TVQuesting: Battlestar Galactica is Pretty Awesome, Guys

TVQuesting: Battlestar Galactica is Pretty Awesome, Guys

TV Questing

Hold on to your butts, guys. This is going to be a pretty straightforward post this week. I just watched all of Battlestar Galactica in a week, and now I’m going to give you a couple of reasons why it was one of the best sci-fi shows out there.

  • No Shields.

A little while ago I was watching some re-run of Star Trek where Picard is going up against the Borg. The Enterprise jumps to warp speed and the Borg chase them down, launching attacks specifically designed to drain the shields before they launched their actual attack. It was at that moment I realized how incredibly stupid shields are.

They cut to a scene in Engineering where the crew are talking about rerouting power from every other system (save life support) to the shields and I thought to myself, “Man, why don’t they just have all the power to the shields at all times?”

It was that question which led me to the realization that shields are stupid. Sure, in however many centuries it takes for us to work on space travel there’s a chance we might figure out how to develop some sort of shield. Moving at those speeds you’d need something to deflect debris and other particles; otherwise you wind up with a ship full of holes.

You know what the Galactica has? It’s got a hell of a lot of armor plating. It’s got enough armor plating to withstand being destroyed by both conventional and nuclear warheads, and not only does that make more sense in terms of where we are technologically, it’s just way cooler.

  • Conventional Weapons.

In the same vein as the whole shields thing the ships seen in Battlestar Galactica sport guns and missiles. Vipers and Cylon Raiders are all armed with machine guns, while Raptors and Cylon Heavy Raiders are capable of firing a barrage of rockets. The Galactica itself is loaded down with a huge amount of machine gun and missile batteries, and is capable of launching nuclear warheads at a target. These are things you’d expect on a human warship, unlike a lot of other sci-fi where you’ve got whatever they happen to call their energy weapons.

It’s ridiculous. The Borg could have been way more cooler if instead of resigning themselves to using the standard energy weapons of the Star Trek universe they paired those awesome shield draining weapons with, say, nukes. How fast would you be able to take down a fleet of ships if you could drop their shields in seconds and then slam them with a nuclear warhead?

Pretty damn fast.

Battlestar Galactica
The Last Supper in spaaaaace
  • The Captains Don’t Know Everything.

This one was pointed out to me by a friend who works on ships while we were watching an episode of Voyager. It seems like every Star Fleet Captain knows everything about their ship. They know how the engines work, they know how the weapons work, and they can fix anything. Weapons officers and Chief Engineers are there primarily for dialogue and deus ex machina purposes. For example, the Chief Engineers primary job is to make the ship go a little bit faster than should be possible, but if it came down to it the Captains could run the whole thing. This comes to a pretty blatant point during a story arc in Voyager when the Emergency Medical Hologram assumes command and runs the whole ship with just his knowledge and the computer’s help.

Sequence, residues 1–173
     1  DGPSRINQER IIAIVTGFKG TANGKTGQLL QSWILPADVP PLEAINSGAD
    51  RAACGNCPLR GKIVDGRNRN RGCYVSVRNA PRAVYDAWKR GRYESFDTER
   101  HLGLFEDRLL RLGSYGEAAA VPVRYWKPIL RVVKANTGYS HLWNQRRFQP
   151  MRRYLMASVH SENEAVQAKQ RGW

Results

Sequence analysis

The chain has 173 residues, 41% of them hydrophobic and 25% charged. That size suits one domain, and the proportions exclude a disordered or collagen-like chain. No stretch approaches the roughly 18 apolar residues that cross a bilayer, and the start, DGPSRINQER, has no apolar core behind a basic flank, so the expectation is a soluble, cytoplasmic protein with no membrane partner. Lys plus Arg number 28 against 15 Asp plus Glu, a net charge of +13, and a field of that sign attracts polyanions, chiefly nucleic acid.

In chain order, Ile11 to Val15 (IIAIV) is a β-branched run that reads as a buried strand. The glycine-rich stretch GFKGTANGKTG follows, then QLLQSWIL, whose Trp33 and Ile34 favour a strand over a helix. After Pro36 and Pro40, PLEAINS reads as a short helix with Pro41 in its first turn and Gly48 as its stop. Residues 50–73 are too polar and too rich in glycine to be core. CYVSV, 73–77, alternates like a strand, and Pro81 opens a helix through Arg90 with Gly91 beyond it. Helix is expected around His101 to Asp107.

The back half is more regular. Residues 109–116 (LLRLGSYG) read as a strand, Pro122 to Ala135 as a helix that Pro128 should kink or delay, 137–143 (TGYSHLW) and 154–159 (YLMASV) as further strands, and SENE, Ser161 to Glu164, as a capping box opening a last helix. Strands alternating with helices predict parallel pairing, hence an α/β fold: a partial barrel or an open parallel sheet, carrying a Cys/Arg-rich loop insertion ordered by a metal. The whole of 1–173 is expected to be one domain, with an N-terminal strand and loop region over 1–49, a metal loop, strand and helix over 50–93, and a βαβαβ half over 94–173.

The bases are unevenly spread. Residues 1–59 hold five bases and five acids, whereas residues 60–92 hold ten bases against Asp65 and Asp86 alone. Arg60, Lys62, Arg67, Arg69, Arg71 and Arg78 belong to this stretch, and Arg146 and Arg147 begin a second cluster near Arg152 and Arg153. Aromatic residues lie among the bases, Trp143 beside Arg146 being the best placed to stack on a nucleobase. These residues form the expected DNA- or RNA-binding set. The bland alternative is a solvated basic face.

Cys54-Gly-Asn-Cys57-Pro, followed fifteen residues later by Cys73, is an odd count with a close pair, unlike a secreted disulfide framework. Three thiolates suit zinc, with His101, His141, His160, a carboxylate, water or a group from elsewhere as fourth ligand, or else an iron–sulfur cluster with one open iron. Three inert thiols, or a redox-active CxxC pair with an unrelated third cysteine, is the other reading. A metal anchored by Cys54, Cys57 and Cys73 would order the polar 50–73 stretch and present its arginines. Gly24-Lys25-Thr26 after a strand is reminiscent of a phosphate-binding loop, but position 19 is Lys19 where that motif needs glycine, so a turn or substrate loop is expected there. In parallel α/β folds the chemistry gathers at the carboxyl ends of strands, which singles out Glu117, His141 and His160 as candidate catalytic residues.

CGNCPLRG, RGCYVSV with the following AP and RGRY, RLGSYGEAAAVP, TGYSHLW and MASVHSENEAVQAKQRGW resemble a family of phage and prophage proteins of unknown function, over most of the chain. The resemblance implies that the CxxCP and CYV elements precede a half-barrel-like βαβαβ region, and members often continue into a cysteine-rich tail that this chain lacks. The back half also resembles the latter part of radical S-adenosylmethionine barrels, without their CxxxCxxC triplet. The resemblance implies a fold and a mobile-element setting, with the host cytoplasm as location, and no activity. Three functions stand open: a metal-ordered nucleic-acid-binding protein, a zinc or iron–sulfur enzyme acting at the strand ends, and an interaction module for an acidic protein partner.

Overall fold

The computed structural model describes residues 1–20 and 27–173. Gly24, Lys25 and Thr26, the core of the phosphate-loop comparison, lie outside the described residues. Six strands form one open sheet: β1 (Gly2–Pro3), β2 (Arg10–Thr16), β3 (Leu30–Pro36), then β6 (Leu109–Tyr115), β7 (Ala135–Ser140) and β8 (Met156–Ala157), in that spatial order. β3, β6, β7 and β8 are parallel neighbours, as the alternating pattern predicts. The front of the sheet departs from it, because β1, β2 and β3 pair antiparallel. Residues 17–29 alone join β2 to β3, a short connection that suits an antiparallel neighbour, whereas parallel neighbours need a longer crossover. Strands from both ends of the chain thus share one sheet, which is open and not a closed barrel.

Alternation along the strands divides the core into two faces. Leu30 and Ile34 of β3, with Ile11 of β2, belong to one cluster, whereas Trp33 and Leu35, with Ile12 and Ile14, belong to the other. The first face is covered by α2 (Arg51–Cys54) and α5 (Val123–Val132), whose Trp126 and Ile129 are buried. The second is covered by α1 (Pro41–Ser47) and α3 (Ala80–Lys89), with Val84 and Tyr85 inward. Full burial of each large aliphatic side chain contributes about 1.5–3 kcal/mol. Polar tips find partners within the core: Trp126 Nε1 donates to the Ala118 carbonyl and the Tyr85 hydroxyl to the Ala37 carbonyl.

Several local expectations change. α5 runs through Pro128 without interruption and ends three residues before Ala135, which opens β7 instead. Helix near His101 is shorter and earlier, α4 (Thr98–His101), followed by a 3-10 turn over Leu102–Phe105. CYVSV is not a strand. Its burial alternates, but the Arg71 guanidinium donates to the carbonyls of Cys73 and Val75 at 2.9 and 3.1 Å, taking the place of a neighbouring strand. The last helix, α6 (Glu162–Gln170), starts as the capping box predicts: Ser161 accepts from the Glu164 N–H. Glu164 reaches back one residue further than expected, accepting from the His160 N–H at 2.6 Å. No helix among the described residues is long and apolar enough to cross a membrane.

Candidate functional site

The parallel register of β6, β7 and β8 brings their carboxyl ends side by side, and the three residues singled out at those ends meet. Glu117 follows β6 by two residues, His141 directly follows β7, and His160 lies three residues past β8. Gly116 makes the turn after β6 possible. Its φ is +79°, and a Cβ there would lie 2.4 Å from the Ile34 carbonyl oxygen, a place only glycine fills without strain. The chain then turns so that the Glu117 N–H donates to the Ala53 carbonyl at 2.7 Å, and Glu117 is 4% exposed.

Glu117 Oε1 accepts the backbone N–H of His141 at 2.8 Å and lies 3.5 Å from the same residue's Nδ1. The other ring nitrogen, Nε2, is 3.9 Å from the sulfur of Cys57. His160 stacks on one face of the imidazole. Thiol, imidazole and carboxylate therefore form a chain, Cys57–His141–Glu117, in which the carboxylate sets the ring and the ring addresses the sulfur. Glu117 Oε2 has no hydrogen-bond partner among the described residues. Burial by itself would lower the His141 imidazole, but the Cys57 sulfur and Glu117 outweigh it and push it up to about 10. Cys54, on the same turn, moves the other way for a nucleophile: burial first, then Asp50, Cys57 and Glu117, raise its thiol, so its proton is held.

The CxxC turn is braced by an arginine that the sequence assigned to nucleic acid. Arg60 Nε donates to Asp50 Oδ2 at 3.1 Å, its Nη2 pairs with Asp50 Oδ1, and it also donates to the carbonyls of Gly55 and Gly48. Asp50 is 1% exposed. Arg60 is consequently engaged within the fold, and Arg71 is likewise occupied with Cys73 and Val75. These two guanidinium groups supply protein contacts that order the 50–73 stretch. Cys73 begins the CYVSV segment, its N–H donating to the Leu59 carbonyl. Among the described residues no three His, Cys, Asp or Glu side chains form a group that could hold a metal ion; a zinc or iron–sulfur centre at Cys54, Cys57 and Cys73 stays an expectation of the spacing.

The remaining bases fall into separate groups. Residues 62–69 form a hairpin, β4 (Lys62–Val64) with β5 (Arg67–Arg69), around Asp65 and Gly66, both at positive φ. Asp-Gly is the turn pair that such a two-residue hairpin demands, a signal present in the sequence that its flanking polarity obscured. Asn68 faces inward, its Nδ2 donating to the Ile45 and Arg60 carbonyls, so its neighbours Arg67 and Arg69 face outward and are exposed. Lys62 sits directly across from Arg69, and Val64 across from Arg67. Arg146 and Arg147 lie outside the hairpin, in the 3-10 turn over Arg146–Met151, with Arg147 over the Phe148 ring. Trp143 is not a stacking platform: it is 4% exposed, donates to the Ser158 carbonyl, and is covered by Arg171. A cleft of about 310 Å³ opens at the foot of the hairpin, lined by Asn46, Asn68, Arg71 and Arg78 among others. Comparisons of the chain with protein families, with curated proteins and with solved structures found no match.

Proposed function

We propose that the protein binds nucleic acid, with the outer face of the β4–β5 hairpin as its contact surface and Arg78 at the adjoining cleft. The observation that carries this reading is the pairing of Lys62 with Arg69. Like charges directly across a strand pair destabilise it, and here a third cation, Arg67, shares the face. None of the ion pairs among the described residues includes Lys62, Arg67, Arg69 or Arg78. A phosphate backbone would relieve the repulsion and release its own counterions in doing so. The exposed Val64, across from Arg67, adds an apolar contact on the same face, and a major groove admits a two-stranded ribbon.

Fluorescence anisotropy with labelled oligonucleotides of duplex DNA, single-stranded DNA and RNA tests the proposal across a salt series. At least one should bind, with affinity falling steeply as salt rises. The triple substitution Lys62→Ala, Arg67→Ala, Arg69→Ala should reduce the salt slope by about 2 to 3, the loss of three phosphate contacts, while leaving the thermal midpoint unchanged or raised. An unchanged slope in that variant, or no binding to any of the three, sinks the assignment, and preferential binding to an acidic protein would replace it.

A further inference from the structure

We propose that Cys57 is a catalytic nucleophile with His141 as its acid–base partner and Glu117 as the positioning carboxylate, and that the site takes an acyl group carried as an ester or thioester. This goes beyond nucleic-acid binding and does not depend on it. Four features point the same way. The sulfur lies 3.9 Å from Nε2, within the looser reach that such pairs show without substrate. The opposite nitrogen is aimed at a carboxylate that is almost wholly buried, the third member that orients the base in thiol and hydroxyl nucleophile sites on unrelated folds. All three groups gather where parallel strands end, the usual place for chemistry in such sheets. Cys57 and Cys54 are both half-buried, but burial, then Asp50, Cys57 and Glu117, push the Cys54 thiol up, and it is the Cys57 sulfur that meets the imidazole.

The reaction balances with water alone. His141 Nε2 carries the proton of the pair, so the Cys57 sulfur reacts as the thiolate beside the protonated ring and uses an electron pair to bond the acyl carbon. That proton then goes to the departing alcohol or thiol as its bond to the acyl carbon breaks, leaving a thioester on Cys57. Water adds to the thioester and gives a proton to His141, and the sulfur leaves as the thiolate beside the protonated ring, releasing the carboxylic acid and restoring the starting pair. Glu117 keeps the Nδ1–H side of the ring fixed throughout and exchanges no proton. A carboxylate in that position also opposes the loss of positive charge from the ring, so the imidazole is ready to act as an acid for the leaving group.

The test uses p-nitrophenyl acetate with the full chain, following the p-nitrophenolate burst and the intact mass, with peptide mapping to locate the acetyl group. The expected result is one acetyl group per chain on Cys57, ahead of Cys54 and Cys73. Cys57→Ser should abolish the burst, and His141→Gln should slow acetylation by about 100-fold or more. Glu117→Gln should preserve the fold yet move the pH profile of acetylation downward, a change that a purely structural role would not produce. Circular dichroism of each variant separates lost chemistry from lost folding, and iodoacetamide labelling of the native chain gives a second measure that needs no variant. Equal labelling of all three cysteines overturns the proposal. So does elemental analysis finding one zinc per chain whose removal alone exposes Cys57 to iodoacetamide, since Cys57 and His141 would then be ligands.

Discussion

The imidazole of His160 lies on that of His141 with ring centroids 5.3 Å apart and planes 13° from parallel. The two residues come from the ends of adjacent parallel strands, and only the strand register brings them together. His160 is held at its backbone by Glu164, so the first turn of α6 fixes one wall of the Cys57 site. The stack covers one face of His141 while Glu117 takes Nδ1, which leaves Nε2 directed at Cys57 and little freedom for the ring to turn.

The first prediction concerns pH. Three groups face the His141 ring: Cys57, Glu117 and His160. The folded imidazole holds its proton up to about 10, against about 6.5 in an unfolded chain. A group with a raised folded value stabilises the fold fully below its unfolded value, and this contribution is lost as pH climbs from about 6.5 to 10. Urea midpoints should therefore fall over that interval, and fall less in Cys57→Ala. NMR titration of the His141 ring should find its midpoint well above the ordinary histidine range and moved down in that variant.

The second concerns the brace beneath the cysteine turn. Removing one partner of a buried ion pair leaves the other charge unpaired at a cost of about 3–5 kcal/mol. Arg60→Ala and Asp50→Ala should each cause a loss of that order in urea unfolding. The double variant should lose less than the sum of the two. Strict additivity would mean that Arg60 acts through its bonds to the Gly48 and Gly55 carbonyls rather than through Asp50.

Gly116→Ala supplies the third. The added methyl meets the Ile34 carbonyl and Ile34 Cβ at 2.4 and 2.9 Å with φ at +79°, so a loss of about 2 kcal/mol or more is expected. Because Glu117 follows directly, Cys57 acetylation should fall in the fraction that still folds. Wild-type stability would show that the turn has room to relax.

I’d never given much thought to that before, but my friend pointed it out. His example, Firefly, mirrors Battlestar Galactica. The Captains in those two shows know enough to tell their people what needs to get done, and it gets done… but it doesn’t seem as if they can do it themselves. Adama can’t fix his ship. He’s got Chief Tyrol for that. His job is solely to give orders to the personnel who specialize in their jobs, because they’re the ones who know how to do the job.

On the last ship my friend worked on he told me about a conversation between the Captain and the Chief, when there was a problem in the engine room. It went something like this:

Captain: I need that engine fixed. How long is it gonna take?

Chief: I dunno. Probably six hours or something.

Captain: Good enough. Lemme know when it works again.

That’s it. No explanations needed for what was broken or why it was broken. It was enough that it was broken and could be fixed. That’s all the Captain needed to know because it isn’t his job to know how to fix stuff.

  •   Persistent damage.

As Battlestar Galactica progressed the ship herself took serious damage, and every time you saw an exterior shot that damage was visible. The worse it got the more it was visible in the show. There was a real sense of dread surrounding the entire exodus, because the viewers could infer that the next impact from a Cylon Basestar could be the one that blew the whole thing up. You just don’t really get that in any other shows. There’s always somewhere to dock for repairs off camera in other shows, and that just isn’t going to happen in Battlestar Galactica.

So, there you have it. Four reasons. Well, three reasons and an anecdote about how ships function. In all honesty I had briefly considered writing a thing on how the ending of the show wasn’t nearly as bad as it was originally received but I don’t think that’s absolutely necessary. The whole show shoves the idea of a circular history down your throat, so really the ending fits that perfectly. But hey, maybe you guys really hated it. Maybe you didn’t. Maybe you were so caught up in specifics of where the various groups decided to settle you totally missed it. Maybe you watched Caprica and found out first hand the Battlestar Galactica mythos could be done way worse. Hit the comments, and lemme know what you’re thinking.